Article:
KCIST Colloquium - Future action models for AI-powered and cognitively-enabled robots

  • Tagungsort:

    Adenauerring 2, Geb. 50.20, Raum 148, 76131 Karlsruhe

  • Datum:

    23. Mai 2023, 16:00 Uhr

  • Referent:

    Prof. Michael Beetz, University of Bremen

    Michael Beetz is a professor for Computer Science at the University of Bremen and heads the Institute for Artificial lntelligence. Until 2011 he was vice-coordinator of the German Cluster of Excellence CoTeSys (Cognition for Technical Systems) where he also was coordinator of the research area “Knowledge and Learning”. He coordinated the European FP7 integrating project RoboHow and is now coordinator of the collaborative research center “Everyday Activity Science and Engineering (EASE)” founded by the German Science Foundation DFG. He is also co-coordinator of the University of Bremen research focus area “Minds, Media, Machines” and co-coordinator of the Bremen AI strategy.

    His research focuses on plan-based control of robotic agents, knowledge processing and representation for robots, integrated robot learning, and cognition-enabled perception.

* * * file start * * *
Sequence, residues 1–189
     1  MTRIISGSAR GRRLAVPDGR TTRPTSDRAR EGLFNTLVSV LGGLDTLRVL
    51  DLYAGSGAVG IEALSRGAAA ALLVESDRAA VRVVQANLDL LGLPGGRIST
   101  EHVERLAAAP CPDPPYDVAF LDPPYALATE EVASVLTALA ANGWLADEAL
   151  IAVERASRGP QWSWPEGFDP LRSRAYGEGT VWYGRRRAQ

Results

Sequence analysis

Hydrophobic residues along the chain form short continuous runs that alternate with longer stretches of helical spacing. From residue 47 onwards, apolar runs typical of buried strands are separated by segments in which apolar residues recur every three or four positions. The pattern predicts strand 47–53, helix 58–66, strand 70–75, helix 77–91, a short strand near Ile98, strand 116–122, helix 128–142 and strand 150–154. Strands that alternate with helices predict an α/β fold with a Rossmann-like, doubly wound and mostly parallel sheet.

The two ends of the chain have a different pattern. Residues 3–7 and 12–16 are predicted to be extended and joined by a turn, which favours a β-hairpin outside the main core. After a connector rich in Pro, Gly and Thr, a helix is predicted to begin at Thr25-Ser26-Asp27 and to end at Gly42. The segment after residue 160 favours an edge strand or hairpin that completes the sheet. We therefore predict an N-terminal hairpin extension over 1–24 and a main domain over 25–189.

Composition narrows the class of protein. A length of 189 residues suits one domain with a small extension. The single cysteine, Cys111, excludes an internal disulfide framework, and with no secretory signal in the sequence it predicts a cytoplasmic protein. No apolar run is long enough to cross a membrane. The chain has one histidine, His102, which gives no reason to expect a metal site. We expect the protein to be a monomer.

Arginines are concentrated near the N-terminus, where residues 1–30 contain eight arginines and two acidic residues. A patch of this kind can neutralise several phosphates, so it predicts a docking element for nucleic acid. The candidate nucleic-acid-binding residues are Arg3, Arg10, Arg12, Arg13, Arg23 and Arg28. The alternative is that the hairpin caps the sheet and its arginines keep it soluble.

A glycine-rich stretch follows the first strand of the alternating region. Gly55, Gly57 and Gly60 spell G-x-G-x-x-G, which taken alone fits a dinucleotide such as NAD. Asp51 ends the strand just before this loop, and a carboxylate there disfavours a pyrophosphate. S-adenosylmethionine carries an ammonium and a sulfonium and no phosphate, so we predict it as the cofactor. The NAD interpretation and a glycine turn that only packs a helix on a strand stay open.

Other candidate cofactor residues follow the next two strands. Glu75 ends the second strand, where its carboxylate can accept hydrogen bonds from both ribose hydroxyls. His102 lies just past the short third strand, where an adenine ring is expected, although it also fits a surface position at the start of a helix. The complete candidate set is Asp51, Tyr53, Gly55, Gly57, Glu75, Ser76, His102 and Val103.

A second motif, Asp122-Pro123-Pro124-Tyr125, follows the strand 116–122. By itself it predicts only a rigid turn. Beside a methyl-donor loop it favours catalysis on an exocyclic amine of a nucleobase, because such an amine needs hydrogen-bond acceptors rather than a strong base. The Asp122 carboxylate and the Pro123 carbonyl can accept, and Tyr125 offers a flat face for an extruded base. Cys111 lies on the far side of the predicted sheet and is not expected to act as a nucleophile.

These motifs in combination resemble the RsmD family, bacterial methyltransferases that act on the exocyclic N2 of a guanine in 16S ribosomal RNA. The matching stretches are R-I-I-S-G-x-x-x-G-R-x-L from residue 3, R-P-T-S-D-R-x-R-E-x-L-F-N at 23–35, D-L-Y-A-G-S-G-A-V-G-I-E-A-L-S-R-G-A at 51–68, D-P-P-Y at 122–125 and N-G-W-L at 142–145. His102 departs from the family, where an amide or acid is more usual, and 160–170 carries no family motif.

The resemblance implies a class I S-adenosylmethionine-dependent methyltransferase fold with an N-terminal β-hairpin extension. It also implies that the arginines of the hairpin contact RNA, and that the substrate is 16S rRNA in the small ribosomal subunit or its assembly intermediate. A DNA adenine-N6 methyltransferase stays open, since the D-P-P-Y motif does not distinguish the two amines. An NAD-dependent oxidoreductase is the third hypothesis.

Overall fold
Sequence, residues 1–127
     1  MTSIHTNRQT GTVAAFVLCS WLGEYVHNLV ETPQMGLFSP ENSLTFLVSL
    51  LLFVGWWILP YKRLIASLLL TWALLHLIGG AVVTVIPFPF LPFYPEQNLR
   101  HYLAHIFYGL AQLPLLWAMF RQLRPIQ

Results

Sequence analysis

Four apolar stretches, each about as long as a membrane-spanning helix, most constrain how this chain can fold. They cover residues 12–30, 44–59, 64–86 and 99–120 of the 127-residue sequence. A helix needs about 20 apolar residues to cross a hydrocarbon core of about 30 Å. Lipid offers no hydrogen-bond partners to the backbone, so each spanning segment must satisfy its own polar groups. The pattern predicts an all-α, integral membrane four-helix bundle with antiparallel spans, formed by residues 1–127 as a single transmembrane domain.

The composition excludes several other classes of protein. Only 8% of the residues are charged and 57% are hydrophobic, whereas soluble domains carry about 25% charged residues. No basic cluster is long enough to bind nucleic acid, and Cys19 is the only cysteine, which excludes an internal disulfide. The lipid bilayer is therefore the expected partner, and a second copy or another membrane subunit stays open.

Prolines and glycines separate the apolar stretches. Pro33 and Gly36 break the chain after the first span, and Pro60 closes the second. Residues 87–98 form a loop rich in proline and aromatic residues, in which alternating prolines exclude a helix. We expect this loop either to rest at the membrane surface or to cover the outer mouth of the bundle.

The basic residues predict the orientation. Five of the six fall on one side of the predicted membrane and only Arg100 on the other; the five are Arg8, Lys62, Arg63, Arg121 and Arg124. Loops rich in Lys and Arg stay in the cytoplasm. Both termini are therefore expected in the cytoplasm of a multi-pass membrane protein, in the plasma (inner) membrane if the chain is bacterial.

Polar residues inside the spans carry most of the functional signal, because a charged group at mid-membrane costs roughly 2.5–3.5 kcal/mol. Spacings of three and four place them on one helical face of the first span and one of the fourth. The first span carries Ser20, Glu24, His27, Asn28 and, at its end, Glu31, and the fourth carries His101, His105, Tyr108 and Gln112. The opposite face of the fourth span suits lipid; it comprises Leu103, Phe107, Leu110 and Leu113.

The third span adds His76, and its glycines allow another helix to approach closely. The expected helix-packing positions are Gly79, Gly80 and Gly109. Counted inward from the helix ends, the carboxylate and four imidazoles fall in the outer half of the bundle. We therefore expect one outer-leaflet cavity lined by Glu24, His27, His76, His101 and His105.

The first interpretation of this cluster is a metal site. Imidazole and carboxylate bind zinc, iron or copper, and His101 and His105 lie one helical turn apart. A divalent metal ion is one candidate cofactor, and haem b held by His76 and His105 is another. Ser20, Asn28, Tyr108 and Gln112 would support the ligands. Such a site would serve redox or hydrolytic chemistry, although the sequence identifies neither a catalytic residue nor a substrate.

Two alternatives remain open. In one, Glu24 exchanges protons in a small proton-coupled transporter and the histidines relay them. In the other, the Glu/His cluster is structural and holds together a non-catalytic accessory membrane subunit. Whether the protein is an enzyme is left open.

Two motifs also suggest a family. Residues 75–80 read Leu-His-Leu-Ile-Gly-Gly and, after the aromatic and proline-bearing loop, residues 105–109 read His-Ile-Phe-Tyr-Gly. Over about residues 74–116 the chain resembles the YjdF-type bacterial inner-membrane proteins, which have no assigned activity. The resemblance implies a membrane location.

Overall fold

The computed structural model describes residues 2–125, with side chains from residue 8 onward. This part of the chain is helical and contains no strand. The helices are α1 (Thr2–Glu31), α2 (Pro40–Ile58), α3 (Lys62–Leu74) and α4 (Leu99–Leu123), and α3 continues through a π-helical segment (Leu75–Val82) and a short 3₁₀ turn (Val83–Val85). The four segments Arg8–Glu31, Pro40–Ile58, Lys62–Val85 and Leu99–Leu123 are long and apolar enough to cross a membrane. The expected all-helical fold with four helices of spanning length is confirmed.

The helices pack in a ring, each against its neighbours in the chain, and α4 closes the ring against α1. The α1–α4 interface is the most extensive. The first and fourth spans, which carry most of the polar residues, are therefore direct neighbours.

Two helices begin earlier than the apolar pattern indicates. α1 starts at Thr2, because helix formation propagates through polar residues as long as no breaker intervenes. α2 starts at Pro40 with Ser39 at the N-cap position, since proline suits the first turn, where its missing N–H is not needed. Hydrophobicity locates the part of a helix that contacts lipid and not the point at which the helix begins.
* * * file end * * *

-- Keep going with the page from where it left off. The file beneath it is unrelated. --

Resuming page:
• Abstract:

    The realization of computational models for accomplishing everyday manipulation tasks for any object and any purpose would be a disruptive breakthrough in the creation of versatile, general-purpose robot agents; and it is a grand challenge for AI and robotics. Humans are able to accomplish tasks such as “cut up the fruit” for many types of fruit by generating a large variety of context-specific manipulation behaviours. They can typically accomplish the tasks on the first attempt, despite uncertain physical conditions and novel objects. Acting so effectively requires comprehensive reasoning about the possible consequences of intended behaviour, before physically interacting with the real world.

    In the talk, he will sketch ideas about a knowledge representation and reasoning (KR\&R) framework based on explicitly-represented and machine-interpretable inner-world models, that enable robots to contextualize underdetermined manipulation task requests on the first attempt. The hybrid symbolic/sub-symbolic KR\&R framework is to contextualize actions by reasoning symbolically in an abstract and generalized manner, but also by reasoning with “one's eyes and hands” through mental simulation and imagistic reasoning.